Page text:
Get it right, BBC: Jeremy Corbyn's 2019 defeat was nowhere near Labour's worst

Get it right, BBC: Jeremy Corbyn’s 2019 defeat was nowhere near Labour’s worst

Get it right, BBC: Jeremy Corbyn’s 2019 defeat was nowhere near Labour’s worst performance since 1935!

This Writer has been involved in a revealing discussion on X, after I posted the following:

I thought the point I was making was fairly clear, but I had to clarify it subsequently, explaining that Corbyn’s version of the Labour Party was actually among the most popular in general elections.

(By “most popular”, I mean it was supported by more people than Labour under other leaders.)

It was one of my most popular recent posts, gaining 405 likes, even at a time when the social media platforms are trying to stamp out left-wing websites like Vox Political.

But it also attracted a few detractors who determinedly put forward the false assertion that Corbyn was a disaster for the Labour Party.

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Their arguments can be boiled down to the following:

  • Corbyn wasn’t as popular because he did not get as many votes as (for example) three-time election winner Tony Blair.
  • The UK’s population had grown between previous elections and that of 2019, and so had the electorate, so proportionately, Corbyn had fewer votes.
  • Winning Parliamentary seats is all that matters, and Corbyn lost dozens of them.

The first claim can be dismissed straight away. In the 2019 election, Corbyn’s Labour won 10,269,051 votes – around three-quarters of a million more than Tony Blair’s New Labour in 2005 (9,552,436). It also beat Gordon Brown’s Labour of 2010 (8,609,527) and Ed Miliband’s of 2015 (9,347,324).

So in terms of sheer numbers of voters, Jeremy Corbyn had more than any Labour leader since 2001.

The question of proportionality is a good one. I researched it, and came back with the following:

In 2019, 21.6 per cent of the registered electorate voted for Corbyn. That beats the 20.2 per cent who voted for Miliband in 2015 and the 18.9 per cent who voted for Brown in 2010.

It doesn’t beat the 21.6 per cent who voted for Blair in 2005, which came as a surprise to me. In fact, Blair shades it because, proportionately, 0.0015350300917549 more of the electorate voted for him. That’s equivalent to around 679 people in 2005.

But does that make Jeremy Corbyn the least popular Labour leader since 1935, just because he was slightly less popular than the leader who won a 66-seat majority with (proportionately) 679 votes more than him?

Of course it doesn’t. That would be ridiculous.

But Blair won 355 seats and Corbyn only won 202. How did that happen?

Clearly, there is an issue with the way Parliamentary seats are won.

Some might say the problem was simply that Corbyn’s Labour concentrated too much on keeping ‘safe’ seats in metropolitan areas and did not put enough resources into marginals it needed to keep and seats it needed to gain.

But evidence that has come to light since then suggests that, in the 2017 election, Corbyn had been keen for investment to go into these places but right-wing factionalists within the Labour Party had secretly diverted the funds to support their favoured candidates. We don’t have information about the 2019 election (do we?) but it seems likely that the same trick was pulled on him then.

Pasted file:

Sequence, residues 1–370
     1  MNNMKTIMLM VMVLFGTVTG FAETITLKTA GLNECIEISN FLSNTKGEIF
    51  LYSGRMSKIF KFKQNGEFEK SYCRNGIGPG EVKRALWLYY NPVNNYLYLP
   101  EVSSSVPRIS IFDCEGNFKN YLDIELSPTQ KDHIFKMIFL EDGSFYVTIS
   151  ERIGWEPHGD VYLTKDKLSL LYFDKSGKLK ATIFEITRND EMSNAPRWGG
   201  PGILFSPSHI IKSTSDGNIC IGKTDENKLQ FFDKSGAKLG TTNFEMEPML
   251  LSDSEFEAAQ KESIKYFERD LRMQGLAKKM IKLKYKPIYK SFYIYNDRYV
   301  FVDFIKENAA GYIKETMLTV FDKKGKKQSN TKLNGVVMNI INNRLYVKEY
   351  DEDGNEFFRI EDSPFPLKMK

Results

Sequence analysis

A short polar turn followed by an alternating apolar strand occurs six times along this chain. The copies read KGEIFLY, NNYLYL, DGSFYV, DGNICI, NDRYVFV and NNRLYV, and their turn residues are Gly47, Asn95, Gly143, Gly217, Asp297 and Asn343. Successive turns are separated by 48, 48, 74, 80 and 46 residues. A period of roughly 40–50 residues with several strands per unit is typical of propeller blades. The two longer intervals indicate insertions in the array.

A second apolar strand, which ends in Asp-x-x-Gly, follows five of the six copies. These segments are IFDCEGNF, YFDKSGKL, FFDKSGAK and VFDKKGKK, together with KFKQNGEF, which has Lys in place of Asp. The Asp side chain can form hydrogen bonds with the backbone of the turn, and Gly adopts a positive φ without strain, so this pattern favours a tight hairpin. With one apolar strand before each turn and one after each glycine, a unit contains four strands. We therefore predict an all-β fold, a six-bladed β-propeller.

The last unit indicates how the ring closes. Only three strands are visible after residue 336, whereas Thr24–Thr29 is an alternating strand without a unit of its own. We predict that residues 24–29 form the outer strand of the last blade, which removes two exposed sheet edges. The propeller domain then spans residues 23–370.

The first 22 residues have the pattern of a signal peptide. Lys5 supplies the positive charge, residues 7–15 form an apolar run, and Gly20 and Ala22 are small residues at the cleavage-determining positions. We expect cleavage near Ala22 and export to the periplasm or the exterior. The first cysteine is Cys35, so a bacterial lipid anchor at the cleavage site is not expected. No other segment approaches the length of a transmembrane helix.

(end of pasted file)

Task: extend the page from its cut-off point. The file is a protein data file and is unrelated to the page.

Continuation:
And of course Keir Starmer pushed for a second referendum on Brexit, and this got into Labour’s manifesto, alienating many voters (most famously those in the so-called ‘Red Wall’ constituencies). After Labour lost the election, Starmer performed one of the amazing about-turns for which he is now justly famous, re-branding himself and Labour as Brexiters.

These decisions made a huge difference in constituencies where Brexit was an issue, and where Labour was not able to put out the campaigners needed to explain to enough voters what the party’s policies were.

And of course, constituency boundaries are constantly being changed, as ruling parties try to gerrymander elections in their favour by drawing the borders in such a way that more of their voters are in each voting area; Theresa May had to cancel boundary changes in 2018 because Tory MPs feared losing their seats.

If you think these things aren’t important, then allow me to remind you that, in 2005, Tony Blair won 92 more English seats than the Conservatives, with 50,000 fewer votes (some say 70,000).

The Electoral Reform Society’s report on the 2019 election addresses the issue of proportionality, examining how far the election result deviated from what it would look like if seats were proportional to votes gained by each party. In 2019, the UK’s DV score, as it is known, was 16 – almost twice as high as the nine it scored in 2017. In most English regions it was much higher.

So you can see that the number of seats won by the different parties in 2019 was not representative of their national popularity – and this has been an issue in elections for many years.

The number of seats earned in an election, therefore, cannot be used as an indicator of popularity.

In other words, all those whiners on X who have spent half a week bleating that Jeremy Corbyn was disastrous in comparison with other Labour leaders are full of drivel.

(For the record, Labour’s worst electoral disaster since 1935 happened in 1983, when the party led by Michael Foot polled 8,456,934 votes. Jeremy Corbyn’s worst result netted him nearly two million votes more than that!)

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One Comment

  1. Baz May 21, 2024 at 9:02 pm - Reply

    Keep up the good work Mike, the liars have to be exposed for what they are. Tools for the establishment.

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